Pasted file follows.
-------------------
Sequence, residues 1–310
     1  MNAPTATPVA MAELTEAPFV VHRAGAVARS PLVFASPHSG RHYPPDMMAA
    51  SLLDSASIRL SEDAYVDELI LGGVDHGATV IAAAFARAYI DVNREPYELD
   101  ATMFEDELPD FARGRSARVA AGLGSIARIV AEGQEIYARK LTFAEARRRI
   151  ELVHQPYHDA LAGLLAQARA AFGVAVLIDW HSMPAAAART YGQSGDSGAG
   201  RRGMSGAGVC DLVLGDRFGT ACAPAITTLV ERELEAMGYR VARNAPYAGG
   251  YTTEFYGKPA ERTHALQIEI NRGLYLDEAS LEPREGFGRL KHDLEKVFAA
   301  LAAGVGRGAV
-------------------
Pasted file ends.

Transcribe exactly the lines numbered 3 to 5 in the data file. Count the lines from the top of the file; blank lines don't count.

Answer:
    51  SLLDSASIRL SEDAYVDELI LGGVDHGATV IAAAFARAYI DVNREPYELD
   101  ATMFEDELPD FARGRSARVA AGLGSIARIV AEGQEIYARK LTFAEARRRI
   151  ELVHQPYHDA LAGLLAQARA AFGVAVLIDW HSMPAAAART YGQSGDSGAG